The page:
Therefore, we have calculated the values of f 23 that fit the resonance peak frequencies measured as a function of Pav for m=0.2 (see Fig. 2(a)), and used them to compute the resonance peak frequency dependence on the modulation factor m (some of the measured resonance curves are shown in Fig. 2(b)). In Fig. 5 the experimental values are plotted together with the numerical results using the best-fit f 23 values.

Fig. 4. Experimental resonance peak frequencies (∘) versus average pump power for m=0.2 and λl=1534 nm. The numerical curves are for 4 values (1, 5, 10 and 20) of the Yb⇒Er energy-transfer factor, f 23.
Fig. 5. Experimental (∘) and numerical (□) resonance peak frequencies for λl=1534 versus the modulation index.

An excellent experimental/theoretical agreement is obtained. Only for the highest m values the numerical and the experimental results start to separate.

4. Conclusions

Using an approximate model we have achieved a good agreement between the measurements of the non linear response of the Er/Yb-codoped waveguide ring laser to a sinusoidally modulated pump power and the numerical results. The agreement is obtained by introducing a coefficient for the non radiative Yb⇒Er energy transfer mechanism which depends on the average pump power. This dependence follows the results obtained when microscopic statistical formalisms are applied to these mechanisms. However, a further theoretical analysis is still necessary to fully clarify their real performance in the Er/Yb system and the required large enhancement of the energy transfer coefficient for high pump levels indicates that some other non-conventional energy transfer processes should also be explored.

Acknowledgements

This work was supported by the Comisión Interministerial de Ciencia y Tecnología, project FIS2006-03639.

References and links

1.

N C. Becker, T. Oesselke, J. Pandavenes, R. Ricken, K. Rockhausen, G Schreiber, W. Sohler, H. Suche, R. Wessel, S. Balsamo, I. Montrosset, and D. Sciancalepore, “Advanced Ti:LiNbO3 waveguide lasers,” IEEE J. Select. Top. Quantum Electron. 6, 101–110 (2000). [CrossRef]

2.

J. F. Philipps, T. Töpfer, H. Ebendorff-Heidepriem, D. Ehrt, and R. Sauerbrey, “Energy transfer and upconversion in erbium-ytterbium-doped fluoride phosphate glasses,” Appl. Phys. B 74, 233–236 (2002). [CrossRef]

3.

D. Khoptyar, S. Sergeyev, and B. Jaskorzynska, “Homogeneous upconversion in Er-doped fibers under steady state excitation: analytical model and its Monte Carlo verification,” J. Opt. Soc. Am. B 22, 582–590 (2005). [CrossRef]

4.

J. A. Lázaro, J. A. Vallés, and M. A. Rebolledo,, “Determination of emission and absorption cross-sections of Er3+ in LiNbO3 waveguides from transversal fluorescence spectra,” Pure App. Opt. 7, 1363–71 (1998). [CrossRef]

5.

J. A. Vallés, J.A. Lázaro, and M.A. Rebolledo, “Analysis of Competing Mechanisms in Transitions Between Excited States in Er-Doped Integrated Waveguides,” IEEE J. Quantum Electron. 38, 318–323 (2002) [CrossRef]

6.

J. A. Vallés, M. A. Rebolledo, and J. Cortés, “Full characterization of packaged Er-Yb-codoped phosphate glass waveguides,” IEEE J. Quantum Electron. 42, 152–159 (2006). [CrossRef]

7.

J. A. Vallés, M. Á. Rebolledo, and J. Used, “New characterization dynamic methods for Er/Yb codoped phosphate glass waveguides,” Proc. SPIE , 6183, 61830F (2006). [CrossRef]

8.

I. J. Sola, J. C. Martín, and J. M. Álvarez, “Non linear response of a unidirectional erbium-doped fiber ring laser to a sinusoidally modulated pump power,” Opt. Commun. 212, 359–369 (2002). [CrossRef]

9.

J. A. Lázaro, M. A. Rebolledo, and J. A. Vallés, “Modeling, Characterization and Experimental/Numerical comparison of signal and fluorescence amplification in Ti:Er:LiNbO3 waveguides,” IEEE J. Quantum Electron. 37, 1460–1468 (2001). [CrossRef]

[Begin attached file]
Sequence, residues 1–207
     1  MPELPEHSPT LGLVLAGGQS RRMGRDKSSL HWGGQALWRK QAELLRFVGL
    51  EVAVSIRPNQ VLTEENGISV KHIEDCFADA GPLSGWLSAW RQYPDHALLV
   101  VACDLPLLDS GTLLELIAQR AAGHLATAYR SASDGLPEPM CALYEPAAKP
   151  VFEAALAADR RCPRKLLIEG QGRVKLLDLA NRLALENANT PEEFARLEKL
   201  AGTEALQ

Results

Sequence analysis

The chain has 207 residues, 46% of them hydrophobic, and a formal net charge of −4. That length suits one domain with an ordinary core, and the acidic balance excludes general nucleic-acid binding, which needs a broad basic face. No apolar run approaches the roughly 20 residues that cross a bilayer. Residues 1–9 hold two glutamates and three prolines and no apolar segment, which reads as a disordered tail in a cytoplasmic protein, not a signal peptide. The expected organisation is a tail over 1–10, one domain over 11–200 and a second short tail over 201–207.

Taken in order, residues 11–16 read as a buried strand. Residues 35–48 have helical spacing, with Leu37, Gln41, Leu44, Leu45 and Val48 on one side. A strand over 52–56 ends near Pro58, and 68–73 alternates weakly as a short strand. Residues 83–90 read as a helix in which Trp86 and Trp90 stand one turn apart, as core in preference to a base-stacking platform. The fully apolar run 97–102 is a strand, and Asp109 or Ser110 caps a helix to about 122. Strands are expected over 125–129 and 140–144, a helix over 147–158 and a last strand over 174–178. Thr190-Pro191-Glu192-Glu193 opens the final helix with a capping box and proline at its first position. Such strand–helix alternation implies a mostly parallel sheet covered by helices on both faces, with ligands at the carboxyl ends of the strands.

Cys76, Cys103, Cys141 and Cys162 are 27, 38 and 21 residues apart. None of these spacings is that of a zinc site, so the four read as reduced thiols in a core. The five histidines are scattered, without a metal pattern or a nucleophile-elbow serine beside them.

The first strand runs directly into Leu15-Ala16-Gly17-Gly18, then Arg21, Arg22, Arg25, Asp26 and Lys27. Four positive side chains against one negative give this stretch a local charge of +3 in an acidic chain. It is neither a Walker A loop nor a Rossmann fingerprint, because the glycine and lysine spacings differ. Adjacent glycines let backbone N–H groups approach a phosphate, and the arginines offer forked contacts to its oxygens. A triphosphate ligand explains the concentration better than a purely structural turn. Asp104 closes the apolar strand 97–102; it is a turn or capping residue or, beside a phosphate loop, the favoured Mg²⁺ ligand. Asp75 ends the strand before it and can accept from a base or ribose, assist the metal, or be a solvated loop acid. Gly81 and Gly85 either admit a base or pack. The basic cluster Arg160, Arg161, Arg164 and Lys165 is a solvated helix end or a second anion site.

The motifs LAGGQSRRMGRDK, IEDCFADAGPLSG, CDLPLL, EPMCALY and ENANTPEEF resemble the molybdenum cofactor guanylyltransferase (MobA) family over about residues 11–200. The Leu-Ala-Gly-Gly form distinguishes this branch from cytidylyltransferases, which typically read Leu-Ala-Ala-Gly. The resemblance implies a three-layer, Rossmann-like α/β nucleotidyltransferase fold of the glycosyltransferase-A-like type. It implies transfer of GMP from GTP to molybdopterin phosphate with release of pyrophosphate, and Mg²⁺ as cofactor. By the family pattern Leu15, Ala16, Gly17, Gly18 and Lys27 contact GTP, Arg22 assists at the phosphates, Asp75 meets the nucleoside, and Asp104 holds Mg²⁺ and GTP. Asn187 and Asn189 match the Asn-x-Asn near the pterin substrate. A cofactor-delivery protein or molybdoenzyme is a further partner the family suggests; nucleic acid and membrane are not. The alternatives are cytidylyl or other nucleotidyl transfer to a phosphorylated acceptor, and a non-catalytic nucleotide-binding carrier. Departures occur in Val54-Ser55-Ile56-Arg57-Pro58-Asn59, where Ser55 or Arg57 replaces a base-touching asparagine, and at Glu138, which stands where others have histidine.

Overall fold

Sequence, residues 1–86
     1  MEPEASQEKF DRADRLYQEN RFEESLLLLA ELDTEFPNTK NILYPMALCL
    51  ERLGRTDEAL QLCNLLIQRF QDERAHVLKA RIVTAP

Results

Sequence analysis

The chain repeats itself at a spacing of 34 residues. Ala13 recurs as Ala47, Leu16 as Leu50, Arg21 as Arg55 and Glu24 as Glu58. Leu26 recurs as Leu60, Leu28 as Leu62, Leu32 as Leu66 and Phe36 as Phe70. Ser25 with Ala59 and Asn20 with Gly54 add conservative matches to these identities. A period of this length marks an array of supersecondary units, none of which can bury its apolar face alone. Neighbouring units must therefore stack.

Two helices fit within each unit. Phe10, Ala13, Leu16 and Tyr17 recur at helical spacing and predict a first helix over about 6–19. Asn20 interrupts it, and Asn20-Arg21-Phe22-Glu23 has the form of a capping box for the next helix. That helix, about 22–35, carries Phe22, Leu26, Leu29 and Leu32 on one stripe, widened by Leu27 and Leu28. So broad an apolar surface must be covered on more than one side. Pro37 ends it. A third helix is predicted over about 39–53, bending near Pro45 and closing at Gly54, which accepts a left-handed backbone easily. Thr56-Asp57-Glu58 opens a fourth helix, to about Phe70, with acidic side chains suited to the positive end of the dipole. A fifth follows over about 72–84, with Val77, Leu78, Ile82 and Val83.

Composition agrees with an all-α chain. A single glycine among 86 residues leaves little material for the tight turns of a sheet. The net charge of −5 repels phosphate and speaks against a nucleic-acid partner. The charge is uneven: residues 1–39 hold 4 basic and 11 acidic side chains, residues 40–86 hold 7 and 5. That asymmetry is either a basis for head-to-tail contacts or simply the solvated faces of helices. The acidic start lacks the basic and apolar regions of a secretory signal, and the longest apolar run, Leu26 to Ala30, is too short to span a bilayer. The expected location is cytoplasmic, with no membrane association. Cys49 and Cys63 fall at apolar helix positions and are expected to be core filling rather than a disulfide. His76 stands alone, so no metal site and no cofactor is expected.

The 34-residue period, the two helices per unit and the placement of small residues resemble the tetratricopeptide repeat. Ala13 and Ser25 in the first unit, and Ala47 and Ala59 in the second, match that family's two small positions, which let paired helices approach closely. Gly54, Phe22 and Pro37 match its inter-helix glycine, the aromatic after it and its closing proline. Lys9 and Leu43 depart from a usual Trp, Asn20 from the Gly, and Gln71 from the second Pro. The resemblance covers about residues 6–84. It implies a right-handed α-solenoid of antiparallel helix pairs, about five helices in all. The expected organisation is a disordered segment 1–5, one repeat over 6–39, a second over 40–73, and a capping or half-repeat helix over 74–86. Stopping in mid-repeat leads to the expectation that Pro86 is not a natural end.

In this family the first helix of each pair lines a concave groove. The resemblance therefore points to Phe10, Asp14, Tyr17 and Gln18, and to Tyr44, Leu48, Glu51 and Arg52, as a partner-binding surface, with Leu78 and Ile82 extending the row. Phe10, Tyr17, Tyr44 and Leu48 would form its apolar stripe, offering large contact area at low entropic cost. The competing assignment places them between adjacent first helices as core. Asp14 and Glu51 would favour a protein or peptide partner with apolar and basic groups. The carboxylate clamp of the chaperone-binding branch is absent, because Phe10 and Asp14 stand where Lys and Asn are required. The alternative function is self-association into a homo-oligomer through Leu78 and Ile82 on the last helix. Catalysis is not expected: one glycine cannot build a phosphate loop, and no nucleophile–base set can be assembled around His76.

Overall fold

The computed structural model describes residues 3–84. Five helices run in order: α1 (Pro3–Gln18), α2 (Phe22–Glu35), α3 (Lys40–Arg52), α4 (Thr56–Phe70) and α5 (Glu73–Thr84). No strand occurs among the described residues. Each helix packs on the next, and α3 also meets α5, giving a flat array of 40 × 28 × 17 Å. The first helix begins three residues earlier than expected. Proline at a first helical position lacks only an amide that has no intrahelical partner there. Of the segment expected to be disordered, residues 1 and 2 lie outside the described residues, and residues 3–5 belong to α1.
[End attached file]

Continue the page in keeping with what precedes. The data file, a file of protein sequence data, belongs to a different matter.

OCIS Codes
(130.3130) Integrated optics : Integrated optics materials
(140.3560) Lasers and laser optics : Lasers, ring
(140.4480) Lasers and laser optics : Optical amplifiers

ToC Category:
Lasers and Laser Optics

History
Original Manuscript: July 23, 2007
Revised Manuscript: November 12, 2007
Manuscript Accepted: November 12, 2007
Published: December 3, 2007

Citation
J. A. Vallés, M. Á. Rebolledo, J. Cortés, and J. Used, "Energy-transfer efficiency in the Er/Yb-codoped waveguide ring laser under sinusoidally modulated pump," Opt. Express 15, 16767-16772 (2007)
http://www.opticsinfobase.org/oe/abstract.cfm?URI=oe-15-25-16767


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References

  1. N C. Becker, T. Oesselke, J. Pandavenes, R. Ricken, K. Rockhausen, G, Schreiber, W. Sohler, H. Suche, R. Wessel, S. Balsamo, I. Montrosset and D. Sciancalepore, "Advanced Ti:LiNbO3 waveguide lasers," IEEE J. Select. Top. Quantum Electron. 6, 101-110 (2000). [CrossRef]
  2. J. F. Philipps, T. Töpfer, H. Ebendorff-Heidepriem, D. Ehrt and R. Sauerbrey, "Energy transfer and upconversion in erbium-ytterbium-doped fluoride phosphate glasses," Appl. Phys. B 74, 233-236 (2002). [CrossRef]
  3. D. Khoptyar, S. Sergeyev and B. Jaskorzynska, "Homogeneous upconversion in Er-doped fibers under steady state excitation: analytical model and its Monte Carlo verification," J. Opt. Soc. Am. B 22, 582-590 (2005). [CrossRef]
  4. J. A. Lázaro, J. A. Vallés and M. A. Rebolledo, "Determination of emission and absorption cross-sections of Er3+ in LiNbO3 waveguides from transversal fluorescence spectra," Pure App. Opt. 7, 1363-71 (1998). [CrossRef]
  5. J. A. Vallés, J.A. Lázaro and M.A. Rebolledo, "Analysis of Competing Mechanisms in Transitions Between Excited States in Er-Doped Integrated Waveguides," IEEE J. Quantum Electron. 38, 318-323 (2002) [CrossRef]
  6. J. A. Vallés, M. A. Rebolledo and J. Cortés, "Full characterization of packaged Er-Yb-codoped phosphate glass waveguides," IEEE J. Quantum Electron. 42, 152-159 (2006). [CrossRef]
  7. J. A. Vallés, M. Á. Rebolledo and J. Used, "New characterization dynamic methods for Er/Yb codoped phosphate glass waveguides," Proc. SPIE,  6183, 61830F (2006). [CrossRef]
  8. I. J. Sola, J. C. Martín and J. M. Álvarez, "Non linear response of a unidirectional erbium-doped fiber ring laser to a sinusoidally modulated pump power," Opt. Commun. 212, 359-369 (2002). [CrossRef]
  9. J. A. Lázaro, M. A. Rebolledo and J. A. Vallés, "Modeling, Characterization and Experimental/Numerical comparison of signal and fluorescence amplification in Ti:Er:LiNbO3 waveguides," IEEE J. Quantum Electron. 37, 1460-1468 (2001). [CrossRef]